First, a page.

consideration. The king approved the proposed new seal on April 10 with one minor change -
"Georgius Secundus" was to be substituted for the original "Geo.II." The chief engraver of seals,
Rollos, was ordered to "engrave a silver Seal according to said draught ...."
The arrival of the new seal in North Carolina was delayed, so when the council met in Edenton on
March 30, 1731, the old seal of the Colony was ordered to be used till the new seal arrived. The
new seal arrived in late April and the messenger fetching the seal from Cape Fear was paid ten
pounds for his journey. The impression of the new seal was made by placing two cakes or layers of
wax together, and then interlacing ribbon or tape with the attached seal between the wax cakes. It
was customary to put a piece of paper on the outside of three cakes before they were impressed.
The complete seal was four and three-eighths inches in diameter and from one-half to five-eighths
inches thick and weighed about five and one-half ounces.
At a meeting of the council held in New Bern on December 14, 1767, Governor Tryon produced a
new Great Seal of the province with his Majesty's Royal Warrant bearing date at the Court of St.
James the 9th day of July, 1767. The old seal was returned to his Majesty's Council office at
Whitehall in England. Accompanying the warrant was a description of the new seal with instruction
that the seal was to be used in sealing all patents and grants of lands and all public instruments
passed in the king's name for service within the province. It was four inches in diameter, one-half to
five-eighths inches thick, and weighed four and one-half ounces.
Sometimes a smaller seal than the Great Seal was used on commissions and grants, such as a small
heart-shaped seal, or a seal in the shape of an ellipse. These impressions were evidently made by
putting the wax far enough under the edge of the Great Seal to take the impression of the crown. The
royal governors also used their private seals on commissions and grants.
Lord Granville, after the sale of the colony by the Lords Proprietors, retained his right to issue land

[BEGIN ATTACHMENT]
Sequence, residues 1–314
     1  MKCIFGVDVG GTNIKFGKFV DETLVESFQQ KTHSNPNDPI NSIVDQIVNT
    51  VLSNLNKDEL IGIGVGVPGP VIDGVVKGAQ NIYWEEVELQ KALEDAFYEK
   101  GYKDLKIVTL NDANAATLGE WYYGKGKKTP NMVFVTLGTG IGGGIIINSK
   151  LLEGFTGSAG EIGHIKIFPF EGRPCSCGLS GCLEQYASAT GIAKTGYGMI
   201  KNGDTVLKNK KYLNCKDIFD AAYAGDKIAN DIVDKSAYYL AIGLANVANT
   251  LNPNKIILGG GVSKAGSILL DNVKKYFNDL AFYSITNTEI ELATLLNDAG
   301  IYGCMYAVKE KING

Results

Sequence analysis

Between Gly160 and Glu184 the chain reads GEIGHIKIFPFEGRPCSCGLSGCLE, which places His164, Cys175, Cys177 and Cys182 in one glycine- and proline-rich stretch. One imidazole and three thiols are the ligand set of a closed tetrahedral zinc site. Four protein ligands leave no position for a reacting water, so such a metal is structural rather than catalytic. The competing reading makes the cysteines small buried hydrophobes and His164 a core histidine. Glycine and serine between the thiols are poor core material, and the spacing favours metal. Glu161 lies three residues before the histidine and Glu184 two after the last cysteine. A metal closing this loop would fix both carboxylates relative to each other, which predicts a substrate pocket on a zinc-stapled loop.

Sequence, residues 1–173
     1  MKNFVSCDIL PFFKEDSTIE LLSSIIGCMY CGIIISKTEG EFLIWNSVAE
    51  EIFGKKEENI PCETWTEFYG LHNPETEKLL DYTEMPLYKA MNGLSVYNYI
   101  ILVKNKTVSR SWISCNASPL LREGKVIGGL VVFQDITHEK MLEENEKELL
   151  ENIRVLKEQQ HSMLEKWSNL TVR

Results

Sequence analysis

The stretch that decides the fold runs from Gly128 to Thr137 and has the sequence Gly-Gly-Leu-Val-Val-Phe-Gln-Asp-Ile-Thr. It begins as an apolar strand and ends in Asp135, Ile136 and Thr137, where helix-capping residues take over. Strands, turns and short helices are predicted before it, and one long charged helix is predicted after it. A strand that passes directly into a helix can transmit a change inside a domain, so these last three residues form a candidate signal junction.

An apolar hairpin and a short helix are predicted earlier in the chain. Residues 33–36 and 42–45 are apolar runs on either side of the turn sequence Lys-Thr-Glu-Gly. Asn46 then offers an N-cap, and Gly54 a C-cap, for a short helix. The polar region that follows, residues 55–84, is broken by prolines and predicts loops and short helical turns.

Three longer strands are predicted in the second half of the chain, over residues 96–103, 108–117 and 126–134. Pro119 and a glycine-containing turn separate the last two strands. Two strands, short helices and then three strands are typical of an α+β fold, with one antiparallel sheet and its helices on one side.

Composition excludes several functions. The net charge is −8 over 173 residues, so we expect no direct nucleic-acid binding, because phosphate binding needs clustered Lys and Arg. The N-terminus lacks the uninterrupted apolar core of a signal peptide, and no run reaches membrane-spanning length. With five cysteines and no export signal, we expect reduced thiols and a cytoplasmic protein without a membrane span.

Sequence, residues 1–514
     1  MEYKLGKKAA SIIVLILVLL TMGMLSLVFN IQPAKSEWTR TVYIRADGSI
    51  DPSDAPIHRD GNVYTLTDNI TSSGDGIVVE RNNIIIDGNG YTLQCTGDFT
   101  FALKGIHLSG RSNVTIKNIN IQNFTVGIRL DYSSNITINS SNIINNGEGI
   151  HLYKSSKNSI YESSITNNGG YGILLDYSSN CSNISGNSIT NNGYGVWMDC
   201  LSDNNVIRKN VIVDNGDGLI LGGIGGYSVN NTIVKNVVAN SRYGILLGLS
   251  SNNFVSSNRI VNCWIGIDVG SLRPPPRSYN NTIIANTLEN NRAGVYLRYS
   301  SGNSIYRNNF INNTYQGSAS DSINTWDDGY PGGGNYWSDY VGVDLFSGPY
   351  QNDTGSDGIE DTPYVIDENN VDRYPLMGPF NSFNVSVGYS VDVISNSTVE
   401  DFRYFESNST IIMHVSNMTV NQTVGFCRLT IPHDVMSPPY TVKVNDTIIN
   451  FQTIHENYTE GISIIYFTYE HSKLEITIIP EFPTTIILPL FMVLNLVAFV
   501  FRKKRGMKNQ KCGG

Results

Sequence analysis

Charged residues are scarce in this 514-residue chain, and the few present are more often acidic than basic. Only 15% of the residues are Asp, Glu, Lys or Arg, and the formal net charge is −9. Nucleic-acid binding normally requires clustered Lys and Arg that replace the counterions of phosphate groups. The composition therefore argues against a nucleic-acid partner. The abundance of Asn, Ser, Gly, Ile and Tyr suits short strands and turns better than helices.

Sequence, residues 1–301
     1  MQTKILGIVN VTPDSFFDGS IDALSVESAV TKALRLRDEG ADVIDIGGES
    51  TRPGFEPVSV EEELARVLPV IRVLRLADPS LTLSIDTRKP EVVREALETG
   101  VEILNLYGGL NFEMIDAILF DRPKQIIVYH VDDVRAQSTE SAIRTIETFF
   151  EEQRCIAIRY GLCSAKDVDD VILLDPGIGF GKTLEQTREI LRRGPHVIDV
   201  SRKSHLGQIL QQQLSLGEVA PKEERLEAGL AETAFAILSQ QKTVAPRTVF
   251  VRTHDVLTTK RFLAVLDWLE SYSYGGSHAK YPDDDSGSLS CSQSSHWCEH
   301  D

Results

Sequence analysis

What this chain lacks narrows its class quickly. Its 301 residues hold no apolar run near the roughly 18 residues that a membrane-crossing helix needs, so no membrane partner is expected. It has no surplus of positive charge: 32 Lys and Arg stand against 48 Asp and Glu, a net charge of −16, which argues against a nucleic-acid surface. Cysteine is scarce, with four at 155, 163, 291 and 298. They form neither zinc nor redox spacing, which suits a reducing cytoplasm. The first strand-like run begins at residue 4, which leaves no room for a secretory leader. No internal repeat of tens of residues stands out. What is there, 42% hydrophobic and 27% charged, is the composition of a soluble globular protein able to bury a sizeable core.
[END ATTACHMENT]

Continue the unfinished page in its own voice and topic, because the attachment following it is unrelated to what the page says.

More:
grants. He used his private seal on the grants he issued. The last reference found to the colonial seal
is in a letter from Governor Martin to the Earl of Hillsborough in November, 1771, in which he
recounts the broken condition of the seal. He states the seal had been repaired and though
"awkwardly mended . . . [it was] in such manner as to answer all purposes."
Following independence Section XVII of the new constitution adopted at Halifax on December 18,
1776, provided "That there shall be a Seal of this State, which shall be kept by the Governor, and
used by him as occasion may require; and shall be called the Great Seal of the State of North
Carolina, and be affixed to all grants and commissions." When a new constitution was adopted in
1868, Article III, Section 16 provided for ". . . a seal of the State, which shall be kept by the
Governor, and used by him, as occasion may require, and shall be called 'The Great Seal of the
State of North Carolina.' It also provided for the secretary of state to countersign with the governor.
When the people of North Carolina ratified the current constitution in 1970, Article III, Section 10
contained provisions for "The Great Seal of the State of North Carolina." However, the wording
which authorized the secretary of state to countersign documents was removed.
On December 22, 1776, the Provincial Congress at Halifax appointed William Hooper, Joseph
Hewes and Thomas Burke as commissioners to procure a seal for the State; however, there is no
record that a report was ever made by this commission. The Congress provided for the governor to
use his "private seal at arms" until the Great Seal for the state was procured. A bill calling for the
procurement of a Great Seal was introduced in the lower house of the General Assembly on April
28, 1778. The bill became law on May 2. The legislation provided that William Tisdale, Esq., be
appointed to cut and engrave a seal for the State. On Sunday, November 7, 1779, the senate
granted Tisdale £150 to make the seal. The seal procured under this act was used until 1794. The
actual size of the seal was three inches in diameter and one-fourth inch thick. It was made by putting
two cakes of wax together with paper wafers on the outside and pressing them between the dies,
thus forming the obverse and reverse sides of the seal.
An official description of this seal cannot be found, but many of the seals still in existence are in an
almost perfect state of preservation.
In January, 1792, the General Assembly authorized a new State seal, requiring that it be prepared
with only one side. Colonel Abisha Thomas, an agent of North Carolina commissioned by Governor
Martin, was in Philadelphia to settle the State's Revolutionary claims against the Federal
Government. Martin sent a design to Colonel Thomas for a new seal for the State; however, after
suggestions by Dr. Hugh Williamson and Senator Samuel Johnston, this sketch was disregarded and
a new one submitted. This new sketch, with some modification, was finally accepted by Governor
Spaight, and Colonel Thomas had the seal made accordingly.
The seal press for the old seal must have been very large and unwieldy probably due to the